… the quantity of natural resources that a company reasonably expects to extract from a given formation… Proven reserves are classified as having a 90% or greater likelihood of being present and economically viable for extraction in current conditions… Proven reserves also take into account the current technology being used for extraction, regional regulations and market conditions as part of the estimation process. For this reason, proven reserves can seemingly take unexpected leaps and drops. Depending on the regional disclosure regulations, extraction companies might only disclose proven reserves even though they will have estimates for probable and possible reserves. – Investopedia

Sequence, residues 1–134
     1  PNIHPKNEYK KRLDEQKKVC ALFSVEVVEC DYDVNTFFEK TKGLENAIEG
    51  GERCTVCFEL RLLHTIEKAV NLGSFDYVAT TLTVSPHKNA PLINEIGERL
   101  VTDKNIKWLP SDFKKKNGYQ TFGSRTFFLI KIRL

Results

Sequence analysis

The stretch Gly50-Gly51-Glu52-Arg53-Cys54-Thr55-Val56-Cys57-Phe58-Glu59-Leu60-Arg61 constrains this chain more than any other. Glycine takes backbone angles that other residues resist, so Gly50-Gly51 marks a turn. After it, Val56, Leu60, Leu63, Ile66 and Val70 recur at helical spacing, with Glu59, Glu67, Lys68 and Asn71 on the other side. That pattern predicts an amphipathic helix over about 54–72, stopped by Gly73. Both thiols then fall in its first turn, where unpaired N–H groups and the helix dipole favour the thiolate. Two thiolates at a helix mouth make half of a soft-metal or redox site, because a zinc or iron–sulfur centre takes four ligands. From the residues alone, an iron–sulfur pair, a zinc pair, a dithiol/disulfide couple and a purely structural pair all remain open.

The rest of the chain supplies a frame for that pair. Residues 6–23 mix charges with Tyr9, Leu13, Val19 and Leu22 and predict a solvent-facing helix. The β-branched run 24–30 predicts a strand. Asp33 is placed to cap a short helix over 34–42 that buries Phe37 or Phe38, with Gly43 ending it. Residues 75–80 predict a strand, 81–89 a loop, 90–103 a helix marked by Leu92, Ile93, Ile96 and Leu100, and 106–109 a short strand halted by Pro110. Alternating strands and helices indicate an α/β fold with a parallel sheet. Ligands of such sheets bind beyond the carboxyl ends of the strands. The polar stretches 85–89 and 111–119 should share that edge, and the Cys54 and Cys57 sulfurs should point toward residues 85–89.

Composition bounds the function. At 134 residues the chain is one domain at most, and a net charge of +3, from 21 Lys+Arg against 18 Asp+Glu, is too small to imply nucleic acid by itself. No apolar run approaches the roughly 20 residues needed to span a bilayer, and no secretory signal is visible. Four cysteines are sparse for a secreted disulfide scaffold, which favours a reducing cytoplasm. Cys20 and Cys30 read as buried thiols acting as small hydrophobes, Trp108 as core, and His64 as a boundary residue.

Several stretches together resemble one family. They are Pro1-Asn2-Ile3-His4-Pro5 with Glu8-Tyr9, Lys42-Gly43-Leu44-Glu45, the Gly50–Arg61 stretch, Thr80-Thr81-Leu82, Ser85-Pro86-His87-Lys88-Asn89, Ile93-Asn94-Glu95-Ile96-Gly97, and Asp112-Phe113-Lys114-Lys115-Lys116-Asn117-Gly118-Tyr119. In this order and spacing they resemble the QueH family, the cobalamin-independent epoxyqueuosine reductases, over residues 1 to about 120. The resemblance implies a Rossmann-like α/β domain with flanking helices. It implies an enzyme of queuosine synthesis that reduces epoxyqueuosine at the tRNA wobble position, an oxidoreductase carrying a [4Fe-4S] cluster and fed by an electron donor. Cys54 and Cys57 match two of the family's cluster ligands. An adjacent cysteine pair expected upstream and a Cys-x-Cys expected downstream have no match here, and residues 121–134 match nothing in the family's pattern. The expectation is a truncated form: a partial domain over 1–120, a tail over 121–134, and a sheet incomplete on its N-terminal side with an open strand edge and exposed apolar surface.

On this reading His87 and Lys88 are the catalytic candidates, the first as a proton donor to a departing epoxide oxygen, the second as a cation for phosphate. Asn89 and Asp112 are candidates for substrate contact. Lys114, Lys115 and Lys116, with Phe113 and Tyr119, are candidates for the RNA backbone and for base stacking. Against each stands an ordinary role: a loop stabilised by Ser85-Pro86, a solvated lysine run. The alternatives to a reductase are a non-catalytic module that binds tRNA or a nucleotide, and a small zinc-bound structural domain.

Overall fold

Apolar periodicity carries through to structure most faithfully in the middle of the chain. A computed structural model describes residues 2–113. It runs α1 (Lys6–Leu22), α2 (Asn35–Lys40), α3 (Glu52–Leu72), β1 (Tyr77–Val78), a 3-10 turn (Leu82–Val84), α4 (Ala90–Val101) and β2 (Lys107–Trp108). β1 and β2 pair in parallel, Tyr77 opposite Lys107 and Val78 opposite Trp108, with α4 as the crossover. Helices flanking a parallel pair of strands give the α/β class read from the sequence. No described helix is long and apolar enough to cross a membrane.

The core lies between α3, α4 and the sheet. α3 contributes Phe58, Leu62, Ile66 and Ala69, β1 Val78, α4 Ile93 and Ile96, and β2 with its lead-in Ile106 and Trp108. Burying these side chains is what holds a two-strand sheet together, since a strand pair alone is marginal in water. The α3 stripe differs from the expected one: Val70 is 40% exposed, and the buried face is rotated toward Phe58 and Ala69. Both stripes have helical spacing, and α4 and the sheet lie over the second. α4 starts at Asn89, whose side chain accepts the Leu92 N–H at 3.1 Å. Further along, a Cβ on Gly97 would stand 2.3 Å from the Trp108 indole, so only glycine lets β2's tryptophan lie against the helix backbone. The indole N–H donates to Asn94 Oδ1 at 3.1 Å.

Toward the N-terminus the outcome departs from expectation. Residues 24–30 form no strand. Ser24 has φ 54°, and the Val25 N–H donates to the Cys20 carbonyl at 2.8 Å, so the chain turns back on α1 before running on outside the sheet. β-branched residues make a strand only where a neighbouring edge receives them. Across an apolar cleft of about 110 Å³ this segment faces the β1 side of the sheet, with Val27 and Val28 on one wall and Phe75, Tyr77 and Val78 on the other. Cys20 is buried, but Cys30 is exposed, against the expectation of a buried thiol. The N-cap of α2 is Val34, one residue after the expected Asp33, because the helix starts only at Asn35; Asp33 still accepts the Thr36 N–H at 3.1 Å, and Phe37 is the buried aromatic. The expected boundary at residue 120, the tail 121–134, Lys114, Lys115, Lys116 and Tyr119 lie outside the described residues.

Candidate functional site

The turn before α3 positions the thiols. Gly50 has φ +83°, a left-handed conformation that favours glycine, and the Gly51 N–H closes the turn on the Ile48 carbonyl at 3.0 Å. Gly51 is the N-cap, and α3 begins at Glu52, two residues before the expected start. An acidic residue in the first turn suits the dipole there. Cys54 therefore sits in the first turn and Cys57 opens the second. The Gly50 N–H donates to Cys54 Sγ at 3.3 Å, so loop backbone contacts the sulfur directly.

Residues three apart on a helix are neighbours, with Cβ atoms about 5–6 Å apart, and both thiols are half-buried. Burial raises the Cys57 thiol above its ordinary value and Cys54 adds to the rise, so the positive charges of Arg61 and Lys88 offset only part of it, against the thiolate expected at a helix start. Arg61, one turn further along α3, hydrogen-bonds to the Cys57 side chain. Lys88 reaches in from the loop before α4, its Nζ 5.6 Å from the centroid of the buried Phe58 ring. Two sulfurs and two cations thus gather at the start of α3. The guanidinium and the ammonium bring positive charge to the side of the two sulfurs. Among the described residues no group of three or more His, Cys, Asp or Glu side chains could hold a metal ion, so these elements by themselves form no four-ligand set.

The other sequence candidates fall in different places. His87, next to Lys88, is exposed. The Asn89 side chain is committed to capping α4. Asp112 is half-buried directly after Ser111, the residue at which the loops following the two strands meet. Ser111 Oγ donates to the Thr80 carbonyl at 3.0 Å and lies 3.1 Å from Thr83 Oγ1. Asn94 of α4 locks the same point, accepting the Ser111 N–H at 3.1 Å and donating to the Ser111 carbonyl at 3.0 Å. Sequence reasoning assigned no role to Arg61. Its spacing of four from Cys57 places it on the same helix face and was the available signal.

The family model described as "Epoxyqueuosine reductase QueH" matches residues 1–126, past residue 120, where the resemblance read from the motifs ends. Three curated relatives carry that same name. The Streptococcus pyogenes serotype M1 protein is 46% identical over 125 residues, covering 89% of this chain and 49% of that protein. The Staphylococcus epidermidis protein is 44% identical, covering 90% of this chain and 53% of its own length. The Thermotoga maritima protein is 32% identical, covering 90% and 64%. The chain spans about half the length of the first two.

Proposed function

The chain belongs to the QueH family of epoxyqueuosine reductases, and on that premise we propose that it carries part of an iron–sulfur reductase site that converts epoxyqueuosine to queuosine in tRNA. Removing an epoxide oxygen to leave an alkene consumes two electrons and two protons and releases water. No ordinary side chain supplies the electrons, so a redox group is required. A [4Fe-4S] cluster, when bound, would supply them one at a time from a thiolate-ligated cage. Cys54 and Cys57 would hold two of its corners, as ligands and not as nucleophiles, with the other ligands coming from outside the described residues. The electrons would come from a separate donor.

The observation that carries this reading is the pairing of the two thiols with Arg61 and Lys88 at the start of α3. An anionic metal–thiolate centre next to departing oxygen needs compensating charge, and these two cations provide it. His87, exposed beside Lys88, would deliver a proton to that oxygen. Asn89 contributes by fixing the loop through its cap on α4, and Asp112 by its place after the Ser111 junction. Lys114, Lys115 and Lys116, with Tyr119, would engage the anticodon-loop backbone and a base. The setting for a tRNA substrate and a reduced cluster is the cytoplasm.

What’s missing from this picture?

Neither of the definitions above address the large volume of water or wastewater infrastructure required to tap into “proven reserves.” While compiling data for unconventional wells and injection wells, we noticed that the high-volume hydraulic fracturing (HVHF) industry is at a concerning crossroads. In terms of “energy return on energy invested,” HVHF is requiring more and more resources to stay afloat.

OH quarterly Utica oil & gas production along with quarterly Class II injection well volumes:

The map below shows oil and gas production from Utica wells (the primary form of shale gas drilling in Ohio). It also shows the volume of wastewater disposed in Class II salt water disposal injection wells.

 View map fullscreen | How FracTracker maps work